I just finished the “Data Scientist with R” Career Track on DataCamp. Here’s my review

TL;DR. I think DataCamp is awesome. Scroll down to learn more about what it offers, why I chose it, and a proposed plan of study to start learning Data Science with R (including things to do outside DataCamp).

Learning “how to data science” has been on my bucket list for the past few years. While I am comfortable with traditional data manipulation and analysis software (e.g., Excel, Alteryx), and some data visualization tools (e.g., Tableau, Power BI), I have only written proper code on a few occasions, for specific projects (more like, I Googled my way into writing code — Thanks Stack Overflow). A month ago, while confined at home and having recently left my job, I decided to give it a proper try: dedicating a good portion of my day to an online data science course.

The review below could be useful to you as you consider this career track on DataCamp, but I would like to caveat it with the following:

  1. I started this course with a lot of free time on my hands. With a busy work schedule, I doubt I would have gone through the material this quickly.
  2. I have a good background in math and statistics. In particular, I have studied all kinds of regressions extensively during my undergrad statistics & econometrics courses. The regression stuff was thus easy to breeze through.
  3. Beyond regression, I had no experience with the more advanced machine learning techniques (I didn’t even know the difference between supervised and unsupervised learning before this course). So I was definitely tested by the later stages of the course. More on that below.

What is DataCamp and why did I choose it?

DataCamp is a website that offers resources to learn data science: how to load, clean, wrangle and visualize data using code, in order to derive useful insights from it. The website has been around for years, and has developed a good reputation as a do-it-yourself online resource.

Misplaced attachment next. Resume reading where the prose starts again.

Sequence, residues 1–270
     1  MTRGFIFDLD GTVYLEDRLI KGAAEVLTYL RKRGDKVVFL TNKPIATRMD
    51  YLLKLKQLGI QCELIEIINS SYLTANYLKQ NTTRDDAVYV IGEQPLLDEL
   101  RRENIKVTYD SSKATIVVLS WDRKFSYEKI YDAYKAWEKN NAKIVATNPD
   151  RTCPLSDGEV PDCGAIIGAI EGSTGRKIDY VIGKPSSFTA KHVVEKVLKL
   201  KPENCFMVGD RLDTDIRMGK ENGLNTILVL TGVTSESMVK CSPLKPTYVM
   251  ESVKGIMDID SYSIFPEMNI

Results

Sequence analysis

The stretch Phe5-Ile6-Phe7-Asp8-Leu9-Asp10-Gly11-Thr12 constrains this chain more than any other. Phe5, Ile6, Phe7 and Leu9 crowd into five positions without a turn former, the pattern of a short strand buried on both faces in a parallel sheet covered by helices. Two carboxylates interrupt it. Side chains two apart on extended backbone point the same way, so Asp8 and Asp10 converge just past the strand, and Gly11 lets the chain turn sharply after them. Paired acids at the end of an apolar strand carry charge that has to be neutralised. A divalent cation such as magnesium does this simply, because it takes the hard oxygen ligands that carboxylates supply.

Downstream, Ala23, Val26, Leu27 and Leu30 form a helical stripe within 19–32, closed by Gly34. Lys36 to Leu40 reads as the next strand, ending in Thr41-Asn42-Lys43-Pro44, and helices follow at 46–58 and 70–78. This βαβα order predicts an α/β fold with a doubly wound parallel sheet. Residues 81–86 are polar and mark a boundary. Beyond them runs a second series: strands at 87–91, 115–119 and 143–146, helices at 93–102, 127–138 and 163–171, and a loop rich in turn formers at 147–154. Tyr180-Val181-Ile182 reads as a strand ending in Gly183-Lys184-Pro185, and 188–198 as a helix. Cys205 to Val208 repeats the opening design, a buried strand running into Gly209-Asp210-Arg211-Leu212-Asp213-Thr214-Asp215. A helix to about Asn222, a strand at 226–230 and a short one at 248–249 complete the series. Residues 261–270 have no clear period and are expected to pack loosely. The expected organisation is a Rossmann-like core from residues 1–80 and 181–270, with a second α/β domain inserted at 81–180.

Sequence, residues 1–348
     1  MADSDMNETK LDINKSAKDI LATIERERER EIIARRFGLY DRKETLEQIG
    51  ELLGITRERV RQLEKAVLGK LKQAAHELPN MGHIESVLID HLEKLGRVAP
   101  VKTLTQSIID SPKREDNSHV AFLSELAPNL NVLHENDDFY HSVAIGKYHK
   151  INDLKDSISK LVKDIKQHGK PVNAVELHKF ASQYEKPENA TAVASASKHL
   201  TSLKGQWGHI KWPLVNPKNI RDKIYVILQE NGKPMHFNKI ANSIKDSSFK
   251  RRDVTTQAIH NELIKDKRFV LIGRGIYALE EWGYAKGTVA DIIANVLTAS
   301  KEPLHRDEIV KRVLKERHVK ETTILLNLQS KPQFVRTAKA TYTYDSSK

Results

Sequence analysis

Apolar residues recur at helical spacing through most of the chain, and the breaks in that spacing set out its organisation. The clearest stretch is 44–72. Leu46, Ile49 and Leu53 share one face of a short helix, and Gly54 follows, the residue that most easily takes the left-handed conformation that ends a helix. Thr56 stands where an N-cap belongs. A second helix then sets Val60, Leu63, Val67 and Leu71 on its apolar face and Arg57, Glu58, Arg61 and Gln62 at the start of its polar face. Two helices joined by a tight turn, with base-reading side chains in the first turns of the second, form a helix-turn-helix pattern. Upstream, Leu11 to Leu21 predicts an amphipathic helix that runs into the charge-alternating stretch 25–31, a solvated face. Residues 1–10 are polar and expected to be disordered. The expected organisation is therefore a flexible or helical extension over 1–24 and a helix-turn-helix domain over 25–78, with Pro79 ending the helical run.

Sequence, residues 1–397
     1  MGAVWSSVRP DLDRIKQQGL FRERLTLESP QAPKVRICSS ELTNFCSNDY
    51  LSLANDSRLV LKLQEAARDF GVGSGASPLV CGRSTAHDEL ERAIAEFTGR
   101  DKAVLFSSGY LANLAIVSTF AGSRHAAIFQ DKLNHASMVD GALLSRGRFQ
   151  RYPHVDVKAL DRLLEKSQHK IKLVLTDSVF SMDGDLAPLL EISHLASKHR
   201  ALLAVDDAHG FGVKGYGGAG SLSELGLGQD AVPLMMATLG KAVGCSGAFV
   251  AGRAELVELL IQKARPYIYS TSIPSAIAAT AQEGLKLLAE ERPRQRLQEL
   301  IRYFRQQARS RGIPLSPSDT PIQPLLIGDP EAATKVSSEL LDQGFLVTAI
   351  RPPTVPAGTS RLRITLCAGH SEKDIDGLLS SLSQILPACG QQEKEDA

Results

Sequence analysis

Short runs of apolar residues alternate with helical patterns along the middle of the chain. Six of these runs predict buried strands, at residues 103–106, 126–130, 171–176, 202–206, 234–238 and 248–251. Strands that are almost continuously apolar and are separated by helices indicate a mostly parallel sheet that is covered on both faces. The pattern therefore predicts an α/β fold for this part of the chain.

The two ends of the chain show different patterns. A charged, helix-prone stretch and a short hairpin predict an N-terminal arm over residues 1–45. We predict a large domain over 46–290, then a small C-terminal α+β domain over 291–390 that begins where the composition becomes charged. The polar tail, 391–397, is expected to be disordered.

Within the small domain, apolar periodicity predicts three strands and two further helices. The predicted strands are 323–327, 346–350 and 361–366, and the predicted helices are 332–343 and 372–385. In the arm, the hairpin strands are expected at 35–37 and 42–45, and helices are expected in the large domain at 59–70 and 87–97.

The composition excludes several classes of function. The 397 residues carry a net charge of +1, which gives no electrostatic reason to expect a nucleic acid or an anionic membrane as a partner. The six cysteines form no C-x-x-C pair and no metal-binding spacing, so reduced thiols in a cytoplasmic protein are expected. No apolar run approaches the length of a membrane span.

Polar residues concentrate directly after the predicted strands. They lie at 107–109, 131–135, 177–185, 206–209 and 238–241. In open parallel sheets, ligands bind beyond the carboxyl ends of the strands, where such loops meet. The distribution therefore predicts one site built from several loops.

1. Why did I choose DataCamp?

a. The courses are broken down into small doses: each career track/skill is broken down into 3–5 hour courses, which are broken down into 4–5 chapters, the latter then broken down into (max) 4 min videos and a series of exercises. I have the attention span of a typical millennial (a fact further amplified by the current pandemic…), so the fact that I could consume DataCamp in small bites was crucial. Specifically, I wanted to avoid the rigidity of hour-long videos in Coursera’s courses (I can only tolerate that for Oum Kalthoum’s songs).

b. The courses are interactive, meaning that you have to actively practice as you go through the material. In fact, you spend the majority of your time writing and running code as a learning mechanism. While a lot of the code comes pre-written, you still learn a ton by experimenting with different formulas, and interpreting the results of your code.

c. The whole website is gamified, and thus addictive. The more lessons, exercises, and practice you go through, the more points you accumulate. So if you are into games, or if you are competitive, you will keep logging back into the website to earn more. Of course, one has to be careful when the gamification supersedes the actual act of learning (I fell into that trap a few times, and when that happened, I knew that that was my cue to stop and take a break!)

d. The webiste is a great one-stop-shop for beginners. It covers the main two languages for data science: R and Python, and includes an extensive library of courses for both of them. And more courses (and features) are being continuously added.